The actual trick or treating was, for me, anticlimactic after the production of two Jawa costumes. The dual production of two Jawa costumes because I was so dissatisfied with my first attempt. The second attempt commenced Saturday morning after I jogged 8.5 miles, ate The Hungry Jill at Alice's Restaurant, and visited St. Vinnie's, where I found a beige full-size flannel sheet with two pillowcases. Bought a second bottle of Rit Dark Brown at JoAnn's, and dyed that flannel before the second attempt at costume design began.
On Sunday, after jogging 9.5 miles and attending church services, DH and Jack went up the mountain to view some fall colors and I set myself to remaking those Jawa costumes. Due to the smaller size of the fabric I had to revamp the design entirely but in the end I was much happier with the results. The color and the fit are better. In making the costumes I learned that sewing is way more about preparation than about running the machine.
I made the gunbelts from a remnant of tan vinyl from JoAnn. I rubbed it with black StayzOn ink and spent a lot of time zig-zagging edges and constructing pockets. Making something completely from my own vision was a lot of fun and fueled my creative confidence.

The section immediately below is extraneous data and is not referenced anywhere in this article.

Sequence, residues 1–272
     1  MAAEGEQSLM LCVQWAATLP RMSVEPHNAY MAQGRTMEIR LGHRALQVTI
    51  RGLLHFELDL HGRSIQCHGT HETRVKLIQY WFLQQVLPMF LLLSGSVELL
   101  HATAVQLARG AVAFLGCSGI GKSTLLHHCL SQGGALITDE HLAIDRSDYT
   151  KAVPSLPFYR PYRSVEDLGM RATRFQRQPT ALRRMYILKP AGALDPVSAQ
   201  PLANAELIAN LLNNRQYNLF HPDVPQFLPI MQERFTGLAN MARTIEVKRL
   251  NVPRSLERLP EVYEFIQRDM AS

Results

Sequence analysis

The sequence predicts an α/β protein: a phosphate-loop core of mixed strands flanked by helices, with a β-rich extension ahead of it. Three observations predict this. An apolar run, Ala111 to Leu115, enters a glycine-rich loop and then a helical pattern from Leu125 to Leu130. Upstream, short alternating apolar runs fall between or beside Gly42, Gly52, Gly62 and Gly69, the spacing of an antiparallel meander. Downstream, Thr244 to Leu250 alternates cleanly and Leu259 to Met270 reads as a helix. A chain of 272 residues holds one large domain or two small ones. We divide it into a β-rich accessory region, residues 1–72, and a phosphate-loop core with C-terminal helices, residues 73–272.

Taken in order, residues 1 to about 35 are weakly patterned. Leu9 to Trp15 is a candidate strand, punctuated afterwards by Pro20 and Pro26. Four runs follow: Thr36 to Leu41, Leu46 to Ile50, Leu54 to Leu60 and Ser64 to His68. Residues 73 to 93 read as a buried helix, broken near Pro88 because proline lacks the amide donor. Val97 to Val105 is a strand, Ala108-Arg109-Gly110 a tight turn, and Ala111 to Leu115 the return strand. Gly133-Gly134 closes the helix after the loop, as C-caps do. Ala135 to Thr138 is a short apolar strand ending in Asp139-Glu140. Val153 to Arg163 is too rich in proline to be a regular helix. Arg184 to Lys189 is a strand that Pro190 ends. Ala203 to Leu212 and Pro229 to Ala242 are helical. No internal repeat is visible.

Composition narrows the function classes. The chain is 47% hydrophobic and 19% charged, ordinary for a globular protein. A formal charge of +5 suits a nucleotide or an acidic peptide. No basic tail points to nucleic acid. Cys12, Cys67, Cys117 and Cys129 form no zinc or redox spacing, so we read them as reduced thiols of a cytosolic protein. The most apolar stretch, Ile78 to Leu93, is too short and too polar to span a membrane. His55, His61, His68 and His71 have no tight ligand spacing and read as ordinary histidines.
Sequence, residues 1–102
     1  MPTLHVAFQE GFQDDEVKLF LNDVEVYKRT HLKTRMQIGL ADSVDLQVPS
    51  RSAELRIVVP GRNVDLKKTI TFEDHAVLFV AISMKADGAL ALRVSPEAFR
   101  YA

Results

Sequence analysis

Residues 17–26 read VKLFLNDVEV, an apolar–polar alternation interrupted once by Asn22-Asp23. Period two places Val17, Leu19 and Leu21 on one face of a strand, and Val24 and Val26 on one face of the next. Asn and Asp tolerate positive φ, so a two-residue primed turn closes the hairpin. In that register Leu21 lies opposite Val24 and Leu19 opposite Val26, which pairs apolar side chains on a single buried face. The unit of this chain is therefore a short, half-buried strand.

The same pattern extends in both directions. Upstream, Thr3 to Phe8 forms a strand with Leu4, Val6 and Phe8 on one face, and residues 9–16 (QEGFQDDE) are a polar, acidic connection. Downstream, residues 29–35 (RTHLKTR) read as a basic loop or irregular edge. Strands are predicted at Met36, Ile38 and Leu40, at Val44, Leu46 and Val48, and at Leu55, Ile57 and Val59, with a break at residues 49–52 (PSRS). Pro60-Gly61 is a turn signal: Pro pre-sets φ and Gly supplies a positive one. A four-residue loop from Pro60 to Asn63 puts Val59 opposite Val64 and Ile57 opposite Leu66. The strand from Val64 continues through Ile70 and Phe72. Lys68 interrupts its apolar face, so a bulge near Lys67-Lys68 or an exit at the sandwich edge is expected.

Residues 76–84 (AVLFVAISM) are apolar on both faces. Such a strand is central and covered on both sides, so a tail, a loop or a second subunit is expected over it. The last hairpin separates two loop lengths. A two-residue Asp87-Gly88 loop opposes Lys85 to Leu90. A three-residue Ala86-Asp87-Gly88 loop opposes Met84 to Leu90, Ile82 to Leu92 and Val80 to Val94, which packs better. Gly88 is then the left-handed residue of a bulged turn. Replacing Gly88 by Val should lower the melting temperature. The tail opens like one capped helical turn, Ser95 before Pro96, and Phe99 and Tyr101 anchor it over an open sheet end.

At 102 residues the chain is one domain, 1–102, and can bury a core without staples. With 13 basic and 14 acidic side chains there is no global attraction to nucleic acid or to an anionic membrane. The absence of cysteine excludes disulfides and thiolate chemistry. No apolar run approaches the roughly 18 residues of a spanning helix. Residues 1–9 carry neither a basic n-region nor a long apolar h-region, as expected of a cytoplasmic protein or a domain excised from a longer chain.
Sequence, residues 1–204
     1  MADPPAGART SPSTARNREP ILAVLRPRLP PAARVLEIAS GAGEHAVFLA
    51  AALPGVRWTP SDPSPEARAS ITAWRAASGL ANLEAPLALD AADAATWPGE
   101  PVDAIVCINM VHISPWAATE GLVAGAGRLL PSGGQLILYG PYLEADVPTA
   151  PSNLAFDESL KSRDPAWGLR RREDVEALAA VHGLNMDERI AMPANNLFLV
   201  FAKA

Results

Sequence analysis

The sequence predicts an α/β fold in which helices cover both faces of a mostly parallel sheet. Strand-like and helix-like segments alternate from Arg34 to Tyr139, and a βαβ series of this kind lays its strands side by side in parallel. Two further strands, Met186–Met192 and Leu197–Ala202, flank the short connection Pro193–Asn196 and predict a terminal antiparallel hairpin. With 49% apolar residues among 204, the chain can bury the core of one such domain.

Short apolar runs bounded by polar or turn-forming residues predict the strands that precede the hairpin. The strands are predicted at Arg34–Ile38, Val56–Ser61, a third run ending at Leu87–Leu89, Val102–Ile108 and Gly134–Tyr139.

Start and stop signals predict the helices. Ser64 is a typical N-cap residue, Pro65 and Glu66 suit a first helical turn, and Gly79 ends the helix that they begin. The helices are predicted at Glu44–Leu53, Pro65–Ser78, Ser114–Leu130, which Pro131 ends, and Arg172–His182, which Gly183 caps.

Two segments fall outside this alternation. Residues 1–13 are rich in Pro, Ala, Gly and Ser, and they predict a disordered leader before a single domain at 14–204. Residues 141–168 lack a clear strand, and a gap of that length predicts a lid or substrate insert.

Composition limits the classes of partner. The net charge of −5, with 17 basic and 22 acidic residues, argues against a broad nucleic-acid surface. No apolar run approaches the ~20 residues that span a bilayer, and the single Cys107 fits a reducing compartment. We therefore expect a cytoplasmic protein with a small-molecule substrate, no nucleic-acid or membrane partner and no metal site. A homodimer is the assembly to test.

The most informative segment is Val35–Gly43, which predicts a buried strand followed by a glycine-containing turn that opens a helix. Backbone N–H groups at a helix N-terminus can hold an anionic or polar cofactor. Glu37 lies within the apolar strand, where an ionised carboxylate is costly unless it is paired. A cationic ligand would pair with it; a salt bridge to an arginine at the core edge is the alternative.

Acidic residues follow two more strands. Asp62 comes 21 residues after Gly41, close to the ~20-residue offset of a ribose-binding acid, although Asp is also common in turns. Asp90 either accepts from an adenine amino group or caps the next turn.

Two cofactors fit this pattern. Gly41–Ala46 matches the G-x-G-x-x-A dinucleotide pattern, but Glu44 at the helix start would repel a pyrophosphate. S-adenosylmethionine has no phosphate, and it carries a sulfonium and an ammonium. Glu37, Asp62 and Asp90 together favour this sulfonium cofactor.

To make the masks I covered standard decorator's white plastic face masks with black velour fabric (found that Elmer's white did the job better than anything else). At Saver's I found two short strings of Christmas lights that operated on battery packs (2 c-cells each). From my own Christmas lights I pillaged amber bulbs which were just the right color and just the right size. Poked those through the velour just below the eye holes in the mask... in the dark they were perfect but the boys refused to wear them because it was still practically 90 degrees outside and it was hot under the hoods.
DH made the blasters by jigsawing the stock from a sheet of plywood then sanding and staining it. The barrels he made from two different sizes of PVC pipe and a shower flange (or something like it) all glued together and painted with a black rubberized spraypaint. The blasters didn't survive being dropped when the boys fell face forward after tripping over the frayed edges of their appropriately-colored but maybe a bit too long robes, but they looked awful danged cool for the first 20 minutes.